Lisa L. Hannett’s new short story collection Songs For Dark Seasons takes the reader on an unnerving journey to places, and into lives, that gleam and shimmer with beauty and horror, desire and sorrow. Dark, strange currents run deep beneath the thin veneer of the regular, everyday world here, and all that strangeness from beneath and beyond keeps breaking through the surface.
At first glance, the stories seem to take place in the world we know in something close to the present day, but in every tale, Hannett peels back the familiar to reveal the profoundly unsettling and dangerous magic hidden in the towns and villages, in the trees and forests, and in the people who live and die there.
Quoting the official blurb from the publisher:
Songs for Dark Seasons is Deliverance meets Pan’s Labyrinth; its stories read like a country music album played in the darkest corners of the imagination.
With a twang in its heart and a song for luck on its tongue, Songs for Dark Seasons takes readers back to the lonesome dream counties introduced in the World Fantasy Award-nominated collection, Bluegrass Symphony.
Trailer parks and graves are only temporary homes for souls in these tales, where gods dwell in churches and parking lot groves. Friday night football stars mingle with sirens; hunters’ wives help their kids not to shoot, but to fly; Chanticleers spar their way into local government; and rash-afflicted men take dryads for lovers. In backwater towns, some witches have the know-how to pin pageant queens pretty, while others relieve girls of highfalutin aspirations. Local crow-boys and bloodthirsty Ursines are the best miners around.
In these thirteen stories, forests are imbued with the deepest, saddest strains of country music, cornfield horizons stretch as long as a lone fiddle’s wail, and distant hills make mandolin promises: sweet and catchy and short-lived.
I’ve been a fan of Hannett’s writing for years. I think it started with “A Shot of Salt Water“, and then it continued through Midnight and Moonshine (written with Angela Slatter and still one of my favourite books, ever).
If you’re new to Hannett’s writing and you want to sample some of the stories in Songs For Dark Seasons, you can read the painfully jagged and devastating “The Canary” in The Dark–a twisting tale where wings and other bird-features sprout in unexpected ways and places in a mining town. Or, you might want to read “Little Digs“, also published in The Dark–where a girl named Bets digs deep to get what she needs from her Mamma.
One of my favourite stories in this collection is the simultaneously wistful and wrenching “Surfacing” about Dot and her Ted, the darkness and the pond. It’s a story that captures both the promise and glimmer of two young people in love, and the difficult times that can come with old age even as the memories of brighter days, and more hopeful times, remain:
“…this new puddle on their front lawn…this is not their pond….This one is all wrong, all Ted’s. — It’s deep green, impenetrable, black where much meets grass. She shudders, seeing the night sky trapped in its surface; thousands of stars glinting between ghosted branches of elms, larches, pine.”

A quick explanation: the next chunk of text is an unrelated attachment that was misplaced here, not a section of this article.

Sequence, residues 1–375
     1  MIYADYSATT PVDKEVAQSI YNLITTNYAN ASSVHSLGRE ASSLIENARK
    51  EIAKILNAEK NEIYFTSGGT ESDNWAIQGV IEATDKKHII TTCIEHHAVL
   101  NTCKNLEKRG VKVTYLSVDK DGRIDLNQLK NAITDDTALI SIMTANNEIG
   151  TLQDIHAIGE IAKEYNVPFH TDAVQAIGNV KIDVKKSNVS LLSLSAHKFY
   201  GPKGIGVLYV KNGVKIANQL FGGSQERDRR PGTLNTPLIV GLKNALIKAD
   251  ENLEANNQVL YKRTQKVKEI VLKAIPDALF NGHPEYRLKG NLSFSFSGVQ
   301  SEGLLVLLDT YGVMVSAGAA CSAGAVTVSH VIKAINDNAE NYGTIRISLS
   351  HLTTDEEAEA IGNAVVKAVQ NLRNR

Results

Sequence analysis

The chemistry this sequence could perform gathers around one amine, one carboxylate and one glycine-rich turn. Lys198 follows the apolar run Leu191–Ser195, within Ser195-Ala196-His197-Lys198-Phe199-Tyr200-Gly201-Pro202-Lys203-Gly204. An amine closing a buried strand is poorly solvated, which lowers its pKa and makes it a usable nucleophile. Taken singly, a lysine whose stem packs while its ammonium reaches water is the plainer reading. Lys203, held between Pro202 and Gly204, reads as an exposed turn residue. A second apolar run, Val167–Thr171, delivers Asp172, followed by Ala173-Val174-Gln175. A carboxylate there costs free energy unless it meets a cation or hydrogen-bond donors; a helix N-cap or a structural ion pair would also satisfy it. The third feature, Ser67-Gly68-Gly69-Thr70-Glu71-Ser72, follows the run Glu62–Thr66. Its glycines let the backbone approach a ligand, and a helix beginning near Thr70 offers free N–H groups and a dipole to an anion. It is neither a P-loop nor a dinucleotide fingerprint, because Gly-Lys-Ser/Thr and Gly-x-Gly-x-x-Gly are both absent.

Another one of my favourite stories in this collection is the final one, “By Touch and By Glance” (an original for the collection), where the lives in a small community intertwine and entangle the inhabitants in weave of love and lust and jealousy. Bones fashioned into pins carry magic in this tale, and there’s a visceral transformation scene towards the end that is both wrenching and breathtaking. There is magic in this story, as there is everywhere in Hannett’s fiction. Magic that never comes easy, that is messy and difficult and powerful, and that doesn’t always make anyone’s life any easier.
Family is another thread that connects these stories. And like the magic, the family bonds are often as complicated as they are powerful. There is love, sometimes, but it’s not the easy, rose-tinted, happily-ever-after kind of love. No. Hannett writes dark fantasy steeped in horror and strangeness, and in these stories, good and evil bleed into each other and people do what they can, what they must, to get by.
This visceral quality of Hannett’s fiction, the unflinching way she digs into relationships and family bonds, and the many reasons people do what they do, and become what they are, is one of the reasons I love her stories so much. This is no shiny-smooth fantasy realm. Instead, there is grit and sweat and blood, guts and sinew too, in all these tales.
And the prose! My goodness, the prose… I’ll leave you with a quote from “By Touch and By Glance”, just because it’s so beautiful:
“The forest’s in its dreariest brown outfit, the river’s traded diamond sparkle for mud, the sky’s forgotten where its blue cloak is, so’s put on a grey hood instead.”
Songs For Dark Seasons is a heady, surreal, and sublime collection of short stories, rich in both strangeness and beauty. As far as I’m concerned, it’s a must-read.